Don Mueang International Airport, also known as Old Bangkok International Airport, was officially opened as a Royal Thai Air Force Base in March 1914. The airport is located 24km north of Bangkok. Commercial flights began operating from the airport in 1924.
Don Mueang was closed commercially in September 2006, as the new Suvarnabhumi Airport opened in Bangkok, but it continued to be used for charter flights and also as an aircraft maintenance centre.
The airport was reopened in March 2007 to ease passenger traffic and allow repairs to be made to the cracked runways at Suvarnabhumi Airport and also to carry on the second-stage expansion of Suvarnabhumi Airport. After the renovation of the taxiway, Don Mueang is now used for serving 140 domestic flights carrying 20,000 passengers each day.
Before the closure, Don Mueang was the 18th-busiest airport in the world and second busiest in Asia by passenger volume. At its peak, in 2005, Don Mueang accommodated 80 airlines, operating 160,000 flights serving the whole continent and handling 38,000,000 passengers and 700,000t of cargo.
The reopened airport is now being used by Thai Airways for non-connecting domestic flights and two low-cost carriers Nok Airways and One-Two-Go Airlines. International carriers have refused to move to Don Mueang and continue to operate at Suvarnabhumi Airport.
Don Mueang is jointly owned by the Thai Government and Don Mueang Royal Thai Air Force (RTAF). It houses the Don Muang RTAF Base and also the RTAF 1st Air Division.
Don Mueang terminal features
Don Mueang International Airport has three terminals. Terminals 1 and 2 are international terminals with 124 and 196 check-in counters respectively. International Terminal 1 is in use for government and charter planes, while International Terminal 2 is inactive. There are plans to using Terminal 2 as a low-cost carrier (LCC ) terminal in future. Terminal 3 is in use for domestic flight passengers and has 43 check-in counters.
Terminal 1 covers an area of 109,033m2 and has the capacity to handle 16 million passengers a year. The arrival area measures 28,469.39m2, the departure area 27,262.90m2 and the transit area 1,802.50m2.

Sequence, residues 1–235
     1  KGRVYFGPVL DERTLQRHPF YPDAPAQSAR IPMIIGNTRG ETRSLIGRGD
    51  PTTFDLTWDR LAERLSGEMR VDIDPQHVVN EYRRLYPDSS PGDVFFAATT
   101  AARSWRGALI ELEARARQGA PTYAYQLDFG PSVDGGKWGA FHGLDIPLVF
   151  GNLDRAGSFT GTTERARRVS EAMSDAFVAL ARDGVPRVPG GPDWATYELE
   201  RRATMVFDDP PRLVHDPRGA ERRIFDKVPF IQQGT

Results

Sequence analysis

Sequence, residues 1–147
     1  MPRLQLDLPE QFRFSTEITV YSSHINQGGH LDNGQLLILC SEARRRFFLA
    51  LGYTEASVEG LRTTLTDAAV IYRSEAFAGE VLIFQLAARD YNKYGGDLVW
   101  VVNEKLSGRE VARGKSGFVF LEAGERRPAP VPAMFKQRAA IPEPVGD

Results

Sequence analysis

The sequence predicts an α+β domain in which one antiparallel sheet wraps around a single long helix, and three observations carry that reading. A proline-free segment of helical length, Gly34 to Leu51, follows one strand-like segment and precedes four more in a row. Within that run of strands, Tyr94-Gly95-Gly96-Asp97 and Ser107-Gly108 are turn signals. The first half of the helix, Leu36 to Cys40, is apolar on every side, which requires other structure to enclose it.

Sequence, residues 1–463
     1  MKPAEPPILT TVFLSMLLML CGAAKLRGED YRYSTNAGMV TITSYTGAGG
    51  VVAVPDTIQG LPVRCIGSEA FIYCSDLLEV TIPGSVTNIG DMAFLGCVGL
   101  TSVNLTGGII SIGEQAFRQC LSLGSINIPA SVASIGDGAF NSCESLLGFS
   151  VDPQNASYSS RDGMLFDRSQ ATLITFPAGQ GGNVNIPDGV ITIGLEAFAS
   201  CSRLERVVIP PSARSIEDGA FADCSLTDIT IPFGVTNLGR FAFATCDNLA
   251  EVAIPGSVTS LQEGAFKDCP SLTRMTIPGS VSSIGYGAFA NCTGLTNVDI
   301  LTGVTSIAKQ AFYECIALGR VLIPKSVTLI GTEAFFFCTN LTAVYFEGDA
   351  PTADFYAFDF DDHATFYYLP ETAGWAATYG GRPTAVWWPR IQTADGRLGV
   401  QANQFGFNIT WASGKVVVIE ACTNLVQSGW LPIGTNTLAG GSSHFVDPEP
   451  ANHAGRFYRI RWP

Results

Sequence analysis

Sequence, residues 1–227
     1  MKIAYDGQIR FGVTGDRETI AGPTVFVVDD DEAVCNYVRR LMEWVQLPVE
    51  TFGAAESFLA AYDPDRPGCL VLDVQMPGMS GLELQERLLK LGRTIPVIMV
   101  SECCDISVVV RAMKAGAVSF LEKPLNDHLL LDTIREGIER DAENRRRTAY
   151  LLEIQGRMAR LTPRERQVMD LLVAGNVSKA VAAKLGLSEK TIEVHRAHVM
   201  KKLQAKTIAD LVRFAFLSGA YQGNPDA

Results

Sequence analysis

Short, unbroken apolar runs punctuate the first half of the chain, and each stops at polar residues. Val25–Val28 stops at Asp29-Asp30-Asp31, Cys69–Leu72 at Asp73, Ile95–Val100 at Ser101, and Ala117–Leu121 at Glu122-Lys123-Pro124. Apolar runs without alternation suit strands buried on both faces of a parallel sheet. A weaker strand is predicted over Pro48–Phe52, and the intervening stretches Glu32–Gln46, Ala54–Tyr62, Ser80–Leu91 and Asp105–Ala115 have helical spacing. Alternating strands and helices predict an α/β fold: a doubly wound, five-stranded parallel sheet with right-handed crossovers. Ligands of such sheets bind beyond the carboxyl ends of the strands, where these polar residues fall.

The domestic terminal spreads over 22,226m2 and can accommodate 4,500 passengers an hour. The arrival and departure areas are 5,623m2 and 8,433m2 respectively. The other public and rental area in this terminal measures 7,058m.
There are two runways – 21 R/03L and 21 L/03R – with a golf course between them owned by RTAF. Golfers are warned by a red light whenever a plane lands.
Runway 21 R/03L is 3,700m long and 60m wide. Runway 21 L/03R is 3,500m long and 45m wide. Runways are made of asphalt concrete and can operate 60 flights an hour.
Taxiway and aircraft parking
Don Mueang has 23 taxiways and 95 aircraft parking stands. There are 25 parking stands with contact gates at the international passenger terminal and eight parking stands with contact gates at the domestic passenger terminal. The remaining 62 are remote parking bays.
Road and rail infrastructure
Don Mueang International Airport is connected to downtown Bangkok via Vibhavadi Rangsit Highway. The Uttaraphimuk tollway and an expressway allow passengers to reach the centre of the city. Many bus services operate between Suvarnabhumi and Don Mueang Airports.
A walkway bridge from the airport connects to the train station on the opposite side of the highway. A rail service connects to Hua Lamphong station to the centre of the city. The trains run every 30 minutes from the airport station on weekdays.
Don Mueang history
Before its 2006 closure, the airport was spelled "Don Muang" and carried the IATA airport code BKK. After the opening of Suvarnabhumi Airport, the spelling was changed to "Don Mueang". The airport now carries the new IATA code DMK and continues to retain its old ICAO (International Civil Aviation Code) airport code VTBD.
Don Muang Airport acted as a battlefield between royalists and the government forces during the Siamese Revolution in 1932. It was used by the Japanese Army during World War II. The airport was also a major command and logistics hub for the US Air Force during the Vietnam War.
The airport has witnessed a few major disasters including the hijack of Garuda Indonesia flight to Colombo in 1981.